Sunday, July 19, 2009

Vote for Soil Carbon before 23rd July

We need your vote for the Soil carbon entry in the Manchester report. Vote Here.

Bruce Ward and Tony Lovell are flying the flag for grassland restoration in the Guardian Newspaper's "Manchester Report". Over the weekend of July 4 and 5, twenty finalists (including Tony and Bruce), made 30 minute presentations to a panel of four judges, introducing Soil Carbon to the panel and the audience.

The panel was led by Lord Bingham, the former Lord Chief Justice of England and Wales, Bryony Worthington, an advisor and policy expert on climate change to the British Government, Dan Reicher, a Californian director of Google, and Chris Goodall, author of several major books on climate change and a freelance journalist.
You can see a 1-minute grab summarising our presentation by going to
The panel met and boiled the 20 presentations down to a final list of 10. Soil Carbon made the cut.

Now there is a public vote

Bruce explains why they entered:
"Tony and I are seriously concerned that most people throughout the world are totally unaware of the need for farmers to move from being 'part of the problem' to become recognised as a vital 'part of the solution'. Soil Carbon provides that opportunity, so long as policy makers allow it. Time is running short, and Copenhagen is not far away. The die will be cast one way or the other at that time, and we want it to be cast the right way. We may need more science before we get the detail right, but it is clear that the science can now be done. That is a major step forward from only 2 years ago when we were consistently told it could not be done."

Friday, July 03, 2009

Dear Mr Rudd

Dear Mr Rudd,

We note with enthusiasm the treatment of farmers in the US Emissions Trading Scheme legislation which passed in the Congress recently. We commend to you the following provisions in that legislation and seek your support for similar provisions to be inserted in the Carbon Pollution Removal Scheme legislation which will go before the Senate of the Commonwealth in August:

1. The American Farmer is to be rewarded with tradeable carbon offsets for reducing emissions. The Australian Farmer is to be penalised for emissions caused by the natural biological cycles that govern Agriculture.

2. The American Farmer will receive carbon credits for practices they have put in place back to 2001. The Australian Farmer who has been a good steward to the environment will be penalised for their efforts under the Additionality provisions of the standard Kyoto arrangements for offsets, were an offset program introduced.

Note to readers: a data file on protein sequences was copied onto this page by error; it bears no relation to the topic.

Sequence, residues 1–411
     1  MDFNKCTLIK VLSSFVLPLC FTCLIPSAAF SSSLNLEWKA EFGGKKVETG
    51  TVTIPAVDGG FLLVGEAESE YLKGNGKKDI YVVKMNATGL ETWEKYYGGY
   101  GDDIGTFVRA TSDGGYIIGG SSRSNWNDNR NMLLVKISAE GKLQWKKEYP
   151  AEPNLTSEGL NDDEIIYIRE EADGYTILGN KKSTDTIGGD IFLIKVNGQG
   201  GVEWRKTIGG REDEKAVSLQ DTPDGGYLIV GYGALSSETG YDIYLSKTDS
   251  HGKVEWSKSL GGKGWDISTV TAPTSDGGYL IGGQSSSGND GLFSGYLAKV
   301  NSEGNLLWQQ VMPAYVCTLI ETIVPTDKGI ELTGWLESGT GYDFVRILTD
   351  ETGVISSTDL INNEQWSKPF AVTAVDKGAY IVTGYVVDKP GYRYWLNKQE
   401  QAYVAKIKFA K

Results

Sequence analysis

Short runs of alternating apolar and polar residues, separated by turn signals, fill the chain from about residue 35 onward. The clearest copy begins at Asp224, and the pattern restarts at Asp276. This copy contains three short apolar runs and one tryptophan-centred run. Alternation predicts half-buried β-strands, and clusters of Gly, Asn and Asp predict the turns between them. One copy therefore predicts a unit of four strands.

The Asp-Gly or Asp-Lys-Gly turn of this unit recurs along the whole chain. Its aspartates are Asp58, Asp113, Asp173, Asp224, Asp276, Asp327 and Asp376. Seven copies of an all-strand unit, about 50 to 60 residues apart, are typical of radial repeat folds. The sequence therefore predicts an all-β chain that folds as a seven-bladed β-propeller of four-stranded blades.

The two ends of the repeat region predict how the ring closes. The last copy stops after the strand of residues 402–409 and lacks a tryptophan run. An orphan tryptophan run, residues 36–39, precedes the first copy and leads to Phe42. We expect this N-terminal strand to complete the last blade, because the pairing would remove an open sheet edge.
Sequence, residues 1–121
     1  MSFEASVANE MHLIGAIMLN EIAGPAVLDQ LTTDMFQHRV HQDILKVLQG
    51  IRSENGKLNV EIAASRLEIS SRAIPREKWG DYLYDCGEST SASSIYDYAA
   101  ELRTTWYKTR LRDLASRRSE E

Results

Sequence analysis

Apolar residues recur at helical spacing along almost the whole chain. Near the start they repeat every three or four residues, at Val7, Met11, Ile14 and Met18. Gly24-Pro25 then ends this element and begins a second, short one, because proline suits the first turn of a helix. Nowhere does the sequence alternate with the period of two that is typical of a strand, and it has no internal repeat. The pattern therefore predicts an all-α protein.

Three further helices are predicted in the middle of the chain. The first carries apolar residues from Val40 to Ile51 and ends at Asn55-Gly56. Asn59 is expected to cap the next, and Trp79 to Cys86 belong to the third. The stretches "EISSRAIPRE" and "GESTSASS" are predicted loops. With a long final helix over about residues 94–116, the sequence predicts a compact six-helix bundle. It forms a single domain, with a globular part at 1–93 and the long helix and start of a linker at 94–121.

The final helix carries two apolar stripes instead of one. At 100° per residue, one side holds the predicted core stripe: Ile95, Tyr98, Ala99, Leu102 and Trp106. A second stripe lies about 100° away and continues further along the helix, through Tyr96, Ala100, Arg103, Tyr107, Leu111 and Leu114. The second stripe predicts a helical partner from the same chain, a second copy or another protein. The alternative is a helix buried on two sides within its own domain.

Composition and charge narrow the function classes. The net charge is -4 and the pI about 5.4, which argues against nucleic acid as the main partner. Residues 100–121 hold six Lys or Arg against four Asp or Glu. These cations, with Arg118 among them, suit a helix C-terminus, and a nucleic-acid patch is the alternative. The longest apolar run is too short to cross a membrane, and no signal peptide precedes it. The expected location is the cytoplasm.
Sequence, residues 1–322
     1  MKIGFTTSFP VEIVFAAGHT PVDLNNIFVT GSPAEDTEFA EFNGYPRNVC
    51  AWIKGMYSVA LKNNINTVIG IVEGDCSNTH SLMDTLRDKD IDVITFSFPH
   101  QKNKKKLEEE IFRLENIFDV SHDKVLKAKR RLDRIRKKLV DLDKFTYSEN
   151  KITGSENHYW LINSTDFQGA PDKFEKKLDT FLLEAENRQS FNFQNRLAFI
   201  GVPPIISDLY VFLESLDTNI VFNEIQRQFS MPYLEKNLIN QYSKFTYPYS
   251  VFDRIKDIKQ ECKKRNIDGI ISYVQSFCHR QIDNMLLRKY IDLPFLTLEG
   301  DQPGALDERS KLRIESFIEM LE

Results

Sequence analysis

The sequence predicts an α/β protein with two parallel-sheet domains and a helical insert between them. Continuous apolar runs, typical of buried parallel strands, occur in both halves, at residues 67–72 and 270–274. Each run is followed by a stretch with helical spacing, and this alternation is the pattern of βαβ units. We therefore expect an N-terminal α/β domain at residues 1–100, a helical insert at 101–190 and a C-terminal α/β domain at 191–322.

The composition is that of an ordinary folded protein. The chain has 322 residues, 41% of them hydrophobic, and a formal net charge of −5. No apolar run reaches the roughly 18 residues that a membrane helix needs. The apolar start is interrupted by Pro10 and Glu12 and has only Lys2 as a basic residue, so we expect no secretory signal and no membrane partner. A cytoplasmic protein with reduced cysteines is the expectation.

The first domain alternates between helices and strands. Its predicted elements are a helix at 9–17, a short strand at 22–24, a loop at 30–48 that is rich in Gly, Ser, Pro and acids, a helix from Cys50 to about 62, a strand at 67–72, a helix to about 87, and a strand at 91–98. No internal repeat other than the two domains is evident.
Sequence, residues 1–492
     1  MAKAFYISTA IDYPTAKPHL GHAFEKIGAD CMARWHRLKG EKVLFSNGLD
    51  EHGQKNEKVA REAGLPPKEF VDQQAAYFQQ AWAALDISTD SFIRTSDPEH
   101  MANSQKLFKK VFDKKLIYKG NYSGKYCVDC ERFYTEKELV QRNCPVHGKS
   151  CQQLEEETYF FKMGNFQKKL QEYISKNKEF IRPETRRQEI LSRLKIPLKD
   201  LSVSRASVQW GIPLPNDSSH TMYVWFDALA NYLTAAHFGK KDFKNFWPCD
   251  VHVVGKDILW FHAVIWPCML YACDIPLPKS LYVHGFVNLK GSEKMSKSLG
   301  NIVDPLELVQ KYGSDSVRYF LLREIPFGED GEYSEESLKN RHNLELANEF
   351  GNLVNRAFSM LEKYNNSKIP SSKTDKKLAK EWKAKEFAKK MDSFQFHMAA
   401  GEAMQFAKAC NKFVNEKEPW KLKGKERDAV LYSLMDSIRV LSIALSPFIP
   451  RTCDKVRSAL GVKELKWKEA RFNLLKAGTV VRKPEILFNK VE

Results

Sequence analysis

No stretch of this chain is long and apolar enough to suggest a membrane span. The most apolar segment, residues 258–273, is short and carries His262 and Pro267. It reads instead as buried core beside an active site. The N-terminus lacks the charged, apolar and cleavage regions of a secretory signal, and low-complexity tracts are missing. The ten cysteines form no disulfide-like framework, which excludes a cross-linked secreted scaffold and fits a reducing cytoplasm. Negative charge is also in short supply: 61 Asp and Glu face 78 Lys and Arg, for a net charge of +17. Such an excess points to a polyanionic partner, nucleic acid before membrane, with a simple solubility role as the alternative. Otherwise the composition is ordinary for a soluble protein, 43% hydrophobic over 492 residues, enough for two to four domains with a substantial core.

3. The USDA, not the EPA, will be the lead agency on running the offset program and conducting the rulemaking. In Australia, the Department for Climate Change and Water has proved incapable of meaningful consultation and engagement with the industry at farmer level.We recommend that the responsibility for these matters be passed to the Minister for Agriculture, Forestry and Fisheries, the Hon. Tony Burke.

4. The world's farmers are to be covered by a global agreement on emissions and sequestration, if the International Federation of Agricultural Producers' campaign is successful. Currently, Australian farmers would be covered by a local cap and trade scheme, along with only one other country: New Zealand.

It is our submission that responsibility for the portfolio be transferred immediately and that new provisions be prepared as amendments to the CPRS legislation prior to the bill reaching the Senate, those provisions to reflect the US legislation.

Yours sincerely,

The Carbon Farmers

The future ain't what it used to be

Minister Wong must be feeling shock as Agriculture slips out of her grasp under the Carbon Pollution Reduction Scheme. But she and her advisers failed to imagine the future. Six factors were overlooked in the Minister’s analysis of the future:

Factor 1: American Pride.

To anyone who has been looking, it was obvious that the Americans would not simply rubber stamp Kyoto, a Euro-centric arrangement rejected by the USA in the first round. American pride demanded that they submit to the demands of the global community on their own terms.

Factor 2: American domestic politics.